Japan’s premier arrived on Saturday in Saudi Arabia at the start of a Gulf tour during which he hopes to ease tensions after the US killed a top Iranian general.
The official Saudi news agency SPA said Prime Minister Shinzo Abe and his delegation were received by senior officials including Economy Minister Mohammed al-Tuwaijri.
During his five-day tour, Abe will also visit the United Arab Emirates and Oman, where a new ruler was sworn in on Saturday following the death of modern day Oman’s founding father Sultan Qaboos.
Abe’s Gulf trip had initially been thrown into doubt after Tehran responded to the US’ January 3 killing of Qassem Soleimani by launching a barrage of missiles at bases hosting American troops in Iraq.
The escalation prompted fears of an all-out war.
Those fears have subsided however after US President Donald Trump said Iran appeared to be standing down after targeting the US bases in Iraq.
“To avoid further escalation of the tense situation in the Middle East, (Abe) will exchange opinions with the three countries” he is visiting, Japanese government spokesman Yoshihide Suga said ahead of the visit.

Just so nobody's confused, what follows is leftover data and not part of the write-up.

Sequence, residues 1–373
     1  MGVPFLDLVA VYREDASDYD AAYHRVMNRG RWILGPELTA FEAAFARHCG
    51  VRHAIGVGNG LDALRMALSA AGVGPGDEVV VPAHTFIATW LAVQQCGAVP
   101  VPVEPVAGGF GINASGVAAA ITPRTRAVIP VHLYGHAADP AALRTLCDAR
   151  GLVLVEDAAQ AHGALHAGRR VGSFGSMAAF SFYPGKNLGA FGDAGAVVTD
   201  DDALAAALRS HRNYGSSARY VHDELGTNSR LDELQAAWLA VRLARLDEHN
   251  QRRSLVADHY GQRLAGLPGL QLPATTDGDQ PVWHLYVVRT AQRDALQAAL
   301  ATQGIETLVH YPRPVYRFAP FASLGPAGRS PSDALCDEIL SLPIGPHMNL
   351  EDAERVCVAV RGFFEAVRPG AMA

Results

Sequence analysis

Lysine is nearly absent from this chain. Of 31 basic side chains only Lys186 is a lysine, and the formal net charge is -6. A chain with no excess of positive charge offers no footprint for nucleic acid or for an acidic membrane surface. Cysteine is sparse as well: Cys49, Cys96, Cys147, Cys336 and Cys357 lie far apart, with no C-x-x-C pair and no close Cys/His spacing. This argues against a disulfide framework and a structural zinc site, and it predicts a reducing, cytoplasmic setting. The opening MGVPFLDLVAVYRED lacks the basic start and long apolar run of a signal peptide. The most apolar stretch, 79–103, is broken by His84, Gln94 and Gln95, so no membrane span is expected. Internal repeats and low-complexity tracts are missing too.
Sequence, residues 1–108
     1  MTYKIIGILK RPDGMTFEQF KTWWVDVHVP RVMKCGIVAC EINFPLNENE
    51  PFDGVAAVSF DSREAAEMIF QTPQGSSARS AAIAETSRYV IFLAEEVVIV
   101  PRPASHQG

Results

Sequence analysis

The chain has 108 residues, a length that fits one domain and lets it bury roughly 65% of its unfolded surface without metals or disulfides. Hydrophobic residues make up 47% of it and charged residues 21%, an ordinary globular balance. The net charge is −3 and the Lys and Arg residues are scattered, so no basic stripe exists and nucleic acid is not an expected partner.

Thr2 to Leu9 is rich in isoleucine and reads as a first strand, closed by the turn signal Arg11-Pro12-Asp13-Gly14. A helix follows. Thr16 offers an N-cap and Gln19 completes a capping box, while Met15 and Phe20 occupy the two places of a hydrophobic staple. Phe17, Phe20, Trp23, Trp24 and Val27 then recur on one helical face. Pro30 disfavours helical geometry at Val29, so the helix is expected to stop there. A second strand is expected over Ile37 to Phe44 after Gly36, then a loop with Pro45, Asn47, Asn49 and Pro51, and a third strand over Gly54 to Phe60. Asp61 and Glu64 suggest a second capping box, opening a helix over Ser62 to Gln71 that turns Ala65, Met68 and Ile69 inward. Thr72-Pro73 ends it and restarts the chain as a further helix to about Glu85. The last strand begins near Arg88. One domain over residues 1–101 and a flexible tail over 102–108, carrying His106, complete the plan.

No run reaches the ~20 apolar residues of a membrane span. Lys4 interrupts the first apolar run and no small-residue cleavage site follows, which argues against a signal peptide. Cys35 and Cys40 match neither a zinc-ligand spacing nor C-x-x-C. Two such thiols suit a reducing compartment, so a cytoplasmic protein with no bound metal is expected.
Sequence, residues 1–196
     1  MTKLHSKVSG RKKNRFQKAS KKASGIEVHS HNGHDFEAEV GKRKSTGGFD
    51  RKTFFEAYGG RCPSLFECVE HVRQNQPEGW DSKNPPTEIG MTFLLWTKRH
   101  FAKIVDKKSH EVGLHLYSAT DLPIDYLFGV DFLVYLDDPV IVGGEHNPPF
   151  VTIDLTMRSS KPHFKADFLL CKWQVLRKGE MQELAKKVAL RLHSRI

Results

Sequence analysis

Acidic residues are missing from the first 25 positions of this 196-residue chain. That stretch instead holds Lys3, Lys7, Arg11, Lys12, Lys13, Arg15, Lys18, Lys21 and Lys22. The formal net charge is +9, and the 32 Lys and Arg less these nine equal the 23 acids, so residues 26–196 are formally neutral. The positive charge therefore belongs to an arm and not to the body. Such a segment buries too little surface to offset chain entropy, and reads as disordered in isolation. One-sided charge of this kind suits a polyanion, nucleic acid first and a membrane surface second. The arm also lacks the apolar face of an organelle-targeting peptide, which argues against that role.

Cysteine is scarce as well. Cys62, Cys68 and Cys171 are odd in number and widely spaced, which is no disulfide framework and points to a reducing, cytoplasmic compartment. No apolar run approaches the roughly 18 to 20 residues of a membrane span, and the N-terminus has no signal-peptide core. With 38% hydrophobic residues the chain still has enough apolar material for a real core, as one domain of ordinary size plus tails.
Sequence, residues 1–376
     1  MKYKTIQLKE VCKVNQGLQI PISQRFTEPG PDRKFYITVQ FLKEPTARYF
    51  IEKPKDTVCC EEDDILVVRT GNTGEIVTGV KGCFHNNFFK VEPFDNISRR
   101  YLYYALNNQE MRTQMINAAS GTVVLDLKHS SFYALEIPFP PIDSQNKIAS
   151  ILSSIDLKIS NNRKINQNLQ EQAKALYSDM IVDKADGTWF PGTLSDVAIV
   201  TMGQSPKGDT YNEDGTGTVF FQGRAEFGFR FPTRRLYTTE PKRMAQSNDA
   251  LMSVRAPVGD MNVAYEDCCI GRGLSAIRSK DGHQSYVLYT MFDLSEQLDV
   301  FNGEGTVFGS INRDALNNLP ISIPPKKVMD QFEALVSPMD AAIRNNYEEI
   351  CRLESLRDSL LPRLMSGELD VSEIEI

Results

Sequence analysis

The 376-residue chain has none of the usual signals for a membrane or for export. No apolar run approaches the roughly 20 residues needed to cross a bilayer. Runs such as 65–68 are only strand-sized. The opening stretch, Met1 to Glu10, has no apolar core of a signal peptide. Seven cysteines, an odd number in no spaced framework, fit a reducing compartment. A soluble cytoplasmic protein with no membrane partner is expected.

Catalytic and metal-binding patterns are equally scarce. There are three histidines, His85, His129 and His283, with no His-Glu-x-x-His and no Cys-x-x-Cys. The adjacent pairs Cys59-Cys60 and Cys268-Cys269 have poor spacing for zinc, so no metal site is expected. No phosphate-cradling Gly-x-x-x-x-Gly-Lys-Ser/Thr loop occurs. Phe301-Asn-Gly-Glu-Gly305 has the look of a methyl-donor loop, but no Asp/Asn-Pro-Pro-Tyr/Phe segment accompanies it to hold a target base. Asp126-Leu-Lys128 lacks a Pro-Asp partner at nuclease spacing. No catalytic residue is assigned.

“In each of the countries, we plan to ask for cooperation in ensuring a stable energy supply and the safety of vessels,” he added.
Japan last month announced it would deploy a military vessel and two patrol planes to the region to protect its shipping interests.
Abe has in recent months tried to carve out a role as mediator between Japan’s ally Washington and Tehran, with which Tokyo has longstanding ties.
In December Iranian President Hassan Rouhani visited Abe in Tokyo after a visit by the Japanese prime minister to Tehran in June.
That visit came amid tensions in the Gulf following a spate of attacks on oil tankers which Washington blamed on Iran, despite denials from Tehran.
“I’m deeply concerned about the tensions in the Middle East,” Abe said earlier this week according to Japan’s public broadcaster NHK as he announced details of his Gulf trip.
“I hope to contribute to peace and stability in the region through diplomatic efforts to ease tensions,” he added.
Japan was formerly a major buyer of Iranian crude but stopped purchases to comply with US sanctions imposed after Washington in May 2018 unilaterally quit the landmark 2015 nuclear deal with Tehran.